The Terror of Facebook
I wonder if any of you saw this article in yesterday’s Telegraph concerning a photograph that appeared on Facebook that depicted a white man holding a rifle, kneeling over the apparently lifeless body of a black child. As may be imagined, the story still has currency in the South African press as investigations continue. Leaving aside the unpleasant nature of the photograph the incident has some ramifications for social networking here and possibly elsewhere around the world.
The individual responsible goes by the nom de guerre, Eugene Terrorblanche, a play on the name of Eugene TerreBlanche, the murdered Afrikaner Nationalist leader. It would appear that the photograph was actually taken in 2007. ‘Eugene’ apparently paid the child to pose for him. The photograph came to the attention of the Knysna Police in 2007. The incident was investigated without further action being taken.
Now, the case having been reopened, there seems to be a difference in emphasis espoused by various interested parties. The police have said that the incident is not so much about race as about potential murder. Others prefer to concentrate on the racial, or rather I should say racist, aspect of the photograph.
The incitement of racial hatred is a crime in this country as indeed it is in most other countries. I imagine that given this country’s history and its current demographics, the laws are possibly more draconian here than they are elsewhere. According to this article, “The authorities have suggested that everyone party to the posting – including those who have seen the picture – could face prosecution and, if convicted, a jail sentence.” As a result of this threat, a number of Eugene’s friends have blocked him. (Of course there is a possibility that until all this publicity, they were unaware of the photograph’s existence and only unfriended/defriended/blocked(?) him as a sign of disgust. But, why spoil a good theory?)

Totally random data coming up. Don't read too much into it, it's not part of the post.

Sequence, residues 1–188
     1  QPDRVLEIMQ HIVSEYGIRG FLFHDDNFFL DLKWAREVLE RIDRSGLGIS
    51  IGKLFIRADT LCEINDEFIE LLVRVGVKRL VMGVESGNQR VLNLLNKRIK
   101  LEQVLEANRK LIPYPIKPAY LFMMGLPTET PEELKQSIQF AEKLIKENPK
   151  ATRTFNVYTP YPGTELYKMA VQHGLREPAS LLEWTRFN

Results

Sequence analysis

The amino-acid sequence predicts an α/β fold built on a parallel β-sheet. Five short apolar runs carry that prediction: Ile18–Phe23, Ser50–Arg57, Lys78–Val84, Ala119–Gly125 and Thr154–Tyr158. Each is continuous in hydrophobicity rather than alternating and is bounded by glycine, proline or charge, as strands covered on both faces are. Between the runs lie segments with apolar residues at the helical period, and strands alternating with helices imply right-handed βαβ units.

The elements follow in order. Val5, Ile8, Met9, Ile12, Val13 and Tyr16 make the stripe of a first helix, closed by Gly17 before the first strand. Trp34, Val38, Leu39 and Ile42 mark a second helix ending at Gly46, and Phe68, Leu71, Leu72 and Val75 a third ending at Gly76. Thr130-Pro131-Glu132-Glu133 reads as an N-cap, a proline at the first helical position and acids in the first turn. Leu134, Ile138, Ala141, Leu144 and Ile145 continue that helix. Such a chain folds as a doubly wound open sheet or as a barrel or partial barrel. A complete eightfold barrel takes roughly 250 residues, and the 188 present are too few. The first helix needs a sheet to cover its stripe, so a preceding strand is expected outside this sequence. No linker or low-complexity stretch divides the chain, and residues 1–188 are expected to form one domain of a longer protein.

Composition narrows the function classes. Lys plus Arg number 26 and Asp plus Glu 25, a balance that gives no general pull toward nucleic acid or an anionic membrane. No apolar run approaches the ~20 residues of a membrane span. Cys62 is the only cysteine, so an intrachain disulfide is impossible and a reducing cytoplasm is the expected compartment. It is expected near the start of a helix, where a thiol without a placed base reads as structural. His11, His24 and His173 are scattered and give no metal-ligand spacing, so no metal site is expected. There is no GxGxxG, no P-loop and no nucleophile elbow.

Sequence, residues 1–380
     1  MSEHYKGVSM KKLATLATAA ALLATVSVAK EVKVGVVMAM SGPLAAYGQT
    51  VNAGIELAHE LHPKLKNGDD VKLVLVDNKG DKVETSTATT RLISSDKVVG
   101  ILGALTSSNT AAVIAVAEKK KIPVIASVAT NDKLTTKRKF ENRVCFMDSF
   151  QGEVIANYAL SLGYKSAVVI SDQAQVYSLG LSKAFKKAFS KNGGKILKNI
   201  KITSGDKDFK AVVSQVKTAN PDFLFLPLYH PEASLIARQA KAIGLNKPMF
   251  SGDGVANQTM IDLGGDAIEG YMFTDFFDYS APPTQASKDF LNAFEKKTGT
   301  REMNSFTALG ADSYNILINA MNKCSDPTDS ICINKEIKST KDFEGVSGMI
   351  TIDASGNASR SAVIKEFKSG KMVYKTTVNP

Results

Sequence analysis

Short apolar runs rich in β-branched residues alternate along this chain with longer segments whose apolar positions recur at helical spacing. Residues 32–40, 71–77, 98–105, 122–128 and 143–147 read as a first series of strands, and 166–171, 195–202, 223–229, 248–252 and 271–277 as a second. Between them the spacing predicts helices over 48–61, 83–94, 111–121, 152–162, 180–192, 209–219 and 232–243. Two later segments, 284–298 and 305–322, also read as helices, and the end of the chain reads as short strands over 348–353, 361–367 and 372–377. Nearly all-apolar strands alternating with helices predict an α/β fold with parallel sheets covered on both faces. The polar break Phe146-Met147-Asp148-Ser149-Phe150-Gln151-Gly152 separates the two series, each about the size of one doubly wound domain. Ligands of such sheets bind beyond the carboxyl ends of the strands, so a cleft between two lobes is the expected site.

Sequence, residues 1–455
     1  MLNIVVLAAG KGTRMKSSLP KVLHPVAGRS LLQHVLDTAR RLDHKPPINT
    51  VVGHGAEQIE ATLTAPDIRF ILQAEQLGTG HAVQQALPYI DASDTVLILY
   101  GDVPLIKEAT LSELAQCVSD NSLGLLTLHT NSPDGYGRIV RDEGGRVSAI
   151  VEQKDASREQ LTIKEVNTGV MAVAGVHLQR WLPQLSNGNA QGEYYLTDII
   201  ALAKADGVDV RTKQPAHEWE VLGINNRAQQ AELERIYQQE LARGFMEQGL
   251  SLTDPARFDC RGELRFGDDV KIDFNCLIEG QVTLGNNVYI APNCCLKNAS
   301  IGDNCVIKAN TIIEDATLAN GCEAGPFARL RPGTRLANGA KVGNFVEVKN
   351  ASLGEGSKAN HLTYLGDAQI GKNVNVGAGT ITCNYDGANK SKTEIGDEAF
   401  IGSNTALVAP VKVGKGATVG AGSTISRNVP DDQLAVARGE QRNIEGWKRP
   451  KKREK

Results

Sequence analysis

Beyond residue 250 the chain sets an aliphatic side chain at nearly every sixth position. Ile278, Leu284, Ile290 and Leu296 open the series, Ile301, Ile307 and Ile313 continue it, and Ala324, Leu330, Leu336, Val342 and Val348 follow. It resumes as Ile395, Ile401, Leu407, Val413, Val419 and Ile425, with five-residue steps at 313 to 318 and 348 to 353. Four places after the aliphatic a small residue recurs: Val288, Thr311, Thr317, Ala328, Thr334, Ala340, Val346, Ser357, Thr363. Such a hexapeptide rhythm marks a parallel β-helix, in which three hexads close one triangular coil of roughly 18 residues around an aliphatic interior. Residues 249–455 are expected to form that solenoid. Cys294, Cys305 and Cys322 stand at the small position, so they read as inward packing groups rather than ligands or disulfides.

The point is that given stringent hate-speech laws, individuals can, via social networks, be easily and unwittingly, tainted with the crimes of their associates. If one of the Charioteers were to write a post that advocated racial or religious hatred, homophobia, domestic violence, child abuse etc, under South African laws, anybody who read it without reporting it is guilty of a crime in this country.
Speaking of domestic violence, it is taken very seriously in South Africa, with justification. So seriously that the law itself is open to abuse as was made apparent in the most recent issue of Noseweek (South Africa’s Private Eye). A seemingly otherwise innocent man had a restraining order taken out against him by a scorned girlfriend on the basis that he had threatened to delete her from his Facebook account. I know it sounds ridiculous, but there is very little, if any burden of proof required on the part of the woman. If she claims to be afraid that she will be subjected to violence, police and magistrates are empowered to come to her immediate aid by issuing interim protection orders without prior notice to the accused person. In this case the man’s name and reputation have been severely damaged. He lost his job and it cost him a significant amount of time and money to have the order lifted. But the stigma (and record) is there. I cannot show you the actual article, but here is a letter from the Editor.
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